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Voices of Armageddon

About a thousand people are gathering in Byron Bay the weekend before Christmas, expecting the fulfillment of the Mayan prophecy that the world as we know it will end late on Friday.

Or maybe not.

In the  words of a high-profile attendee, American self-help author Barbara Marx Hubbard: ‘‘The Mayan calendar has said something is coming to an end, but what will be born?’’

Such a gentle interpretation of the Mayan prophecy does not suit all tastes.

For those with a more apocalyptic bent, the world is supposed to be wiped out by either a natural disaster or a collision with another planet, called Niburu.

The 13th and final period of  roughly 400 years known as a baktun in the 5,125-year Maya Long Calendar finishes on the summer solstice of December 21, 2012.


In Australian Eastern Daylight time, the universe supposedly switches its lights out at 10.11pm on Friday.

Hubbard is attending the festival called Uplift along with the clown doctor of movie fame, Patch Adams, and a winner of the 2009 Goi Peace Award, Bruce Lipton.

In an interview with Fairfax Media, Ms Hubbard chooses to view apocalypse in its derivation from a Greek word meaning uncovering, revelation or a lifting of the veil.

‘‘I have learned that crisis precedes transformation,’’ the 82-year-old, who was a vice presidential candidate for the Democrats in 1984, said.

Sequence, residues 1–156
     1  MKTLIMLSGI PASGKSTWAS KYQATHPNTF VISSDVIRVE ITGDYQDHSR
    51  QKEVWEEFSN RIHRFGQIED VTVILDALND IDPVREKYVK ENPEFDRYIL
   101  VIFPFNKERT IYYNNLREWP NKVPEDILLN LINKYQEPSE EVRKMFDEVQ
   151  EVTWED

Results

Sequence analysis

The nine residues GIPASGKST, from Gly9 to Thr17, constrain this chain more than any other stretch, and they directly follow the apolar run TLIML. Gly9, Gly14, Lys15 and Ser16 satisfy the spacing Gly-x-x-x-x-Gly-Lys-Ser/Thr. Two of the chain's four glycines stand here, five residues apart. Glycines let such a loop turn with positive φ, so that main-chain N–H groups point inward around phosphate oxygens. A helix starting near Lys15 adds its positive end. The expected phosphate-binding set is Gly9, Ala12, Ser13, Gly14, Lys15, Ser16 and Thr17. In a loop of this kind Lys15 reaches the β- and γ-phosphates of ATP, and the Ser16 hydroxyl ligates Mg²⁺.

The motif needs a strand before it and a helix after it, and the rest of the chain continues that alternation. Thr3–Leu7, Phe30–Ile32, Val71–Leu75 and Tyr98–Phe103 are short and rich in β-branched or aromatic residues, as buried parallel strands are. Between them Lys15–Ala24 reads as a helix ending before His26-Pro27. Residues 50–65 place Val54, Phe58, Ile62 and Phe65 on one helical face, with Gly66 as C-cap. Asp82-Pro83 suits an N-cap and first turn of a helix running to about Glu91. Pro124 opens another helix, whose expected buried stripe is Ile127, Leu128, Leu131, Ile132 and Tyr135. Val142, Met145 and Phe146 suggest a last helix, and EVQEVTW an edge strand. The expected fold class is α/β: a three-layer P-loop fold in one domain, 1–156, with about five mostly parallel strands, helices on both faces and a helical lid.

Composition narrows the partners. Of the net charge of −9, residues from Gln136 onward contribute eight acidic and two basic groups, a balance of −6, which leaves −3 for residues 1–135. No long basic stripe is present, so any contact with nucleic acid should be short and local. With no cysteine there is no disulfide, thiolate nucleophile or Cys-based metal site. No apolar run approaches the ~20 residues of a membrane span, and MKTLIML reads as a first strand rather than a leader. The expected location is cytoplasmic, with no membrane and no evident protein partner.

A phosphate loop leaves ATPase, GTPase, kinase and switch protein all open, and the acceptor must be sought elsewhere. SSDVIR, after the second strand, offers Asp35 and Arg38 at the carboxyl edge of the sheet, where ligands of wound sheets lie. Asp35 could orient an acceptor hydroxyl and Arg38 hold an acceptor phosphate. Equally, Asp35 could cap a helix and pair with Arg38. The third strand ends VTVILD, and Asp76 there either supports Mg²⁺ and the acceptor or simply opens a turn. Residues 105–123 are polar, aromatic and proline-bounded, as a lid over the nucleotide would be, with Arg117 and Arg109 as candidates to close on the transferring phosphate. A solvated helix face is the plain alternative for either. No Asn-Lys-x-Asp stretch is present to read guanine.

Hubbard, and those like her, hope that the lifted veil reveals the need to treat our world and ourselves with greater care, arguing for a ‘‘consciousness revolution’’.

At just 12-years-old, Xuihtezcatl [pronounced Shoo-tes-cot] Martinez from Boulder, Colarado and known for a youth program called Earth Guardians campaigning for global sustainability, agrees and says the forecast apocalypse is the perfect time to take action.

Xuihtezcatl, who will also speak in Byron Bay, spoke at the United Nations Rio+20 conference on climate change, earlier this year. The Rio+20 summit "was actually a disaster," he said. "Leaders from around the world came together to politically solve climate change which didn’t work at all. They couldn’t come to any decisions and they were all greedy…

"But, the really inspiring part was we met so many kids from all around the planet who were doing stuff in their communities just like us…it was like ’wow, I’m not alone’."